March 16, 2020

Jesus is the cornerstone

Passage: Mark 12:1-12
Service Type:

Bible Text: Mark 12:1-12 | Preacher: Pastor Kristin Schultz | Series: Narrative Lectionary (2019-2020) | Opening Prayer – A prayer of St Augustine from the ELW hymnal:

O loving God, to turn away from you is to fall, to turn toward you is to rise, and to stand before you is to abide forever. Grant us, dear God, in all our duties your help; in all our uncertainties your guidance; in all our dangers your protection; and in all our sorrows your peace; through Jesus Christ our Lord. Amen.

Our text for yesterday was Mark 12:1-12.

Then Jesus began to speak to them in parables. ‘A man planted a
vineyard, put a fence around it, dug a pit for the wine press, and built a watch-tower; then he leased it to tenants and went to another country. When the season came, he sent a slave to the tenants to collect from them his share of the produce of the vineyard. But they seized him, and beat him, and sent him away empty-handed. And again he sent another slave to them; this one they beat over the head and insulted. Then he sent another, and that one they killed. And so it was with many others; some they beat, and others they killed. He had still one other, a beloved son.

Finally he sent him to them, saying, “They will respect my son.” But those tenants said to one another, “This is the heir; come, let us kill him, and the inheritance will be ours.” So they seized him, killed him, and threw him out of the vineyard. What then will the owner of the vineyard do? He will come and destroy the tenants and give the vineyard to others. Have you not read this scripture:

“The stone that the builders rejected
has become the cornerstone;
this was the Lord’s doing,
   and it is amazing in our eyes”?’

When they realized that he had told this parable against them, they wanted to arrest him, but they feared the crowd. So they left him and went away.

It’s a challenging story – especially if we ask ourselves how we might be the wicked tenants, rather than the more comfortable placement of being innocent bystanders.

But what struck me in this particular moment is the quotation Jesus takes from Psalm 118 – the twist in the parable. The tenants – and the scribes and Pharisees know Jesus is talking about them here – have rejected the son. But that son, Jesus says, is the cornerstone.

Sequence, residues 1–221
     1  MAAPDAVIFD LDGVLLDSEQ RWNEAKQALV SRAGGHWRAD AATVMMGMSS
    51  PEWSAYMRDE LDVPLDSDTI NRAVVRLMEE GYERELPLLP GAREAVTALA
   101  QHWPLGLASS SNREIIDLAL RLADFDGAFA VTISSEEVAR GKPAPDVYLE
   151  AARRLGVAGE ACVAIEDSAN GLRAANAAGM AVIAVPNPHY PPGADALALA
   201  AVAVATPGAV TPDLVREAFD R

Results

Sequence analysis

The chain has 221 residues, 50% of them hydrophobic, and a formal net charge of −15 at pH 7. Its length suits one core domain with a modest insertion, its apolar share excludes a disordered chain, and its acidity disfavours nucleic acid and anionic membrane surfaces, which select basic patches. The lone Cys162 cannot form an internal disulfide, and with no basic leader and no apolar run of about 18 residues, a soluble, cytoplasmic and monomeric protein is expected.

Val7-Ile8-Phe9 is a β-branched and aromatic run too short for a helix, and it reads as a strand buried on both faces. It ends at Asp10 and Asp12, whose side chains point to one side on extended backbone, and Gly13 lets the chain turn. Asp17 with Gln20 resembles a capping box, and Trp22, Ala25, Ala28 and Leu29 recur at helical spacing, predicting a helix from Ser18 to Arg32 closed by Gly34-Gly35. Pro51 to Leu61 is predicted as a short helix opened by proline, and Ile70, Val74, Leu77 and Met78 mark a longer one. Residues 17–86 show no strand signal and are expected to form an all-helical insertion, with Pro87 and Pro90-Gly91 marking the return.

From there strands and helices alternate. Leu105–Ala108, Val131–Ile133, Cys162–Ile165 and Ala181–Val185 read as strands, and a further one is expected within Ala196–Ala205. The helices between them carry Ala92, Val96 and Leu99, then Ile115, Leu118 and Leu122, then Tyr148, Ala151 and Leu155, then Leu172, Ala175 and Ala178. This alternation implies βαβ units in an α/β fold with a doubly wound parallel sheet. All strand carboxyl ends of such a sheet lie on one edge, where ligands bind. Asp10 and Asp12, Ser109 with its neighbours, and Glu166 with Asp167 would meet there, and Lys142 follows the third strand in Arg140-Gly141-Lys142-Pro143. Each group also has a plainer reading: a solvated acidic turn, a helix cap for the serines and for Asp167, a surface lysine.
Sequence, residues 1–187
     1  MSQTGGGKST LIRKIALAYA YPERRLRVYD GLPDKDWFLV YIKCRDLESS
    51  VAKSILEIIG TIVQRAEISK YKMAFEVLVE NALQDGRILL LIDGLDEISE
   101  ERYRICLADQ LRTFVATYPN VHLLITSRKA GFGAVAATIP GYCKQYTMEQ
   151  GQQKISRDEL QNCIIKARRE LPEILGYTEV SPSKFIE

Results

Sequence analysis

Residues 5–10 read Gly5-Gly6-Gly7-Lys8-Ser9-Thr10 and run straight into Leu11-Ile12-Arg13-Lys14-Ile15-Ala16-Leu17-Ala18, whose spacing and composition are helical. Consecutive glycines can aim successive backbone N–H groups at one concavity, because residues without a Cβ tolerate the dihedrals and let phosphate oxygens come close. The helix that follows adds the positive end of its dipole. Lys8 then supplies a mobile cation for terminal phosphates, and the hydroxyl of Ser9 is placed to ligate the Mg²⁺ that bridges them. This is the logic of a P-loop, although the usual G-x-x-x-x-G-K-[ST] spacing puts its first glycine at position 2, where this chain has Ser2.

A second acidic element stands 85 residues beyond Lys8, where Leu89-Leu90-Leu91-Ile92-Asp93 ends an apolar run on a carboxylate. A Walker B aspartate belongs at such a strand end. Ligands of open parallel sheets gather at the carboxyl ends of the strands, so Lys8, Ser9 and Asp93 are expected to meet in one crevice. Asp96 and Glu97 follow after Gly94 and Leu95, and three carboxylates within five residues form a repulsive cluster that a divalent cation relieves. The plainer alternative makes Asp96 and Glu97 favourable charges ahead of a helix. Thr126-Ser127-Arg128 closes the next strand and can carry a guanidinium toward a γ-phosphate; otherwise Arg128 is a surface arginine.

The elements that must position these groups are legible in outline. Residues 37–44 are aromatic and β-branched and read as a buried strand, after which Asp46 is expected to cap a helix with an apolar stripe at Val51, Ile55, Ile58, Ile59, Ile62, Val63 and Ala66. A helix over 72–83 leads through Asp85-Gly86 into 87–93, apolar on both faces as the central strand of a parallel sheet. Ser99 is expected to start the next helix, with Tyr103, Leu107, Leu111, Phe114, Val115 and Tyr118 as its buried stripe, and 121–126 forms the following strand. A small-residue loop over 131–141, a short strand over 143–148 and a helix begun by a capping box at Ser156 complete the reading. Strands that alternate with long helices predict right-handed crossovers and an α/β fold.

That’s the key to this lesson. Jesus is the cornerstone. The stone without which the whole structure falls. The unmoving center which supports God’s people – then and now and forever.

Which is a good thing for us to remember right now, when so many of the structures around us – even gathering together as church! – are buckling. We hope this is merely a pause – that at some point, sooner rather than later, things will get back to “normal.” Churches and schools will re-open, folks will go back to work, sports and concerts and the other things we love to do together will resume. The economy will turn back up. All will be well.

But we know that for some, that upturn will come too late. Jobs will be lost; businesses will close; homes will be lost. We know some will die from this virus, and for their loved ones, life will never be the same.

What will be the same is God’s steadfast love. Whatever struggles we face in the coming weeks, Jesus is right here with us. Jesus holds us when we feel lonely and afraid; Jesus holds us when we are concerned about the income that sustains our livelihood; Jesus holds us when we are sick or caring for loved ones who are sick. Jesus holds us and does not let us down. Jesus is the cornerstone – the strong support at the center of our lives will hold us up and keep us going.

The hymn My Hope is Built on Nothing Less is based on this lesson. I’ll close with these words from the hymn; think of it at the Hymn of the Day. And let these words remind us that we stand solidly on the firm foundation which is the love of Jesus Christ our Savior.

My hope is built on nothing less than Jesus’ blood and righteousness;
no merit of my own I claim, but wholly lean on Jesus’ name.
On Christ, the solid rock I stand; all other ground is sinking sand.

When darkness veils his lovely face, I rest on his unchanging grace;
in ev’ry high and stormy gale my anchor holds within the veil.
On Christ, the solid rock I stand; all other ground is sinking sand.

His oath, his covenant, his blood sustain me in the raging flood;
when all supports are washed away, he then is all my hope and stay.
On Christ, the solid rock I stand; all other ground is sinking sand.

When he shall come with trumpet sound, oh, may I then in him be found,
clothed in his righteousness alone, redeemed to stand before the throne!
On Christ, the solid rock I stand; all other ground is sinking sand.

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